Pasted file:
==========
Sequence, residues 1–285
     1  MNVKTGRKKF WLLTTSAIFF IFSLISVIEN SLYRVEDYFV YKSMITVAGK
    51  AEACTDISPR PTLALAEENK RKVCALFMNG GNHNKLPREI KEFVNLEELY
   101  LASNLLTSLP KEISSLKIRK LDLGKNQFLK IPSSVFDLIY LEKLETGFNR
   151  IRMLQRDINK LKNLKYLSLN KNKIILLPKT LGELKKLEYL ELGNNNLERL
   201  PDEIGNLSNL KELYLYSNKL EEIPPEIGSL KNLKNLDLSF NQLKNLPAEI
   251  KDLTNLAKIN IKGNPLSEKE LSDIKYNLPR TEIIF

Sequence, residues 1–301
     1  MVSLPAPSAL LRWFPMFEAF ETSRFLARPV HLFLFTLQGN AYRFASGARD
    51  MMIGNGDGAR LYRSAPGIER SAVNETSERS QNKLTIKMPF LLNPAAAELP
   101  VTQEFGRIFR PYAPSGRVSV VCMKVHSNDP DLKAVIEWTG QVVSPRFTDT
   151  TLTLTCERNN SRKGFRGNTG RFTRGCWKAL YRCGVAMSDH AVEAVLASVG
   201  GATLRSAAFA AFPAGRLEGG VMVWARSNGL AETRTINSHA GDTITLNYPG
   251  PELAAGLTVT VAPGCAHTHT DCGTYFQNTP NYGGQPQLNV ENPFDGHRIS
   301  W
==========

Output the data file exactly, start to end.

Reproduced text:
Sequence, residues 1–285
     1  MNVKTGRKKF WLLTTSAIFF IFSLISVIEN SLYRVEDYFV YKSMITVAGK
    51  AEACTDISPR PTLALAEENK RKVCALFMNG GNHNKLPREI KEFVNLEELY
   101  LASNLLTSLP KEISSLKIRK LDLGKNQFLK IPSSVFDLIY LEKLETGFNR
   151  IRMLQRDINK LKNLKYLSLN KNKIILLPKT LGELKKLEYL ELGNNNLERL
   201  PDEIGNLSNL KELYLYSNKL EEIPPEIGSL KNLKNLDLSF NQLKNLPAEI
   251  KDLTNLAKIN IKGNPLSEKE LSDIKYNLPR TEIIF

Sequence, residues 1–301
     1  MVSLPAPSAL LRWFPMFEAF ETSRFLARPV HLFLFTLQGN AYRFASGARD
    51  MMIGNGDGAR LYRSAPGIER SAVNETSERS QNKLTIKMPF LLNPAAAELP
   101  VTQEFGRIFR PYAPSGRVSV VCMKVHSNDP DLKAVIEWTG QVVSPRFTDT
   151  TLTLTCERNN SRKGFRGNTG RFTRGCWKAL YRCGVAMSDH AVEAVLASVG
   201  GATLRSAAFA AFPAGRLEGG VMVWARSNGL AETRTINSHA GDTITLNYPG
   251  PELAAGLTVT VAPGCAHTHT DCGTYFQNTP NYGGQPQLNV ENPFDGHRIS
   301  W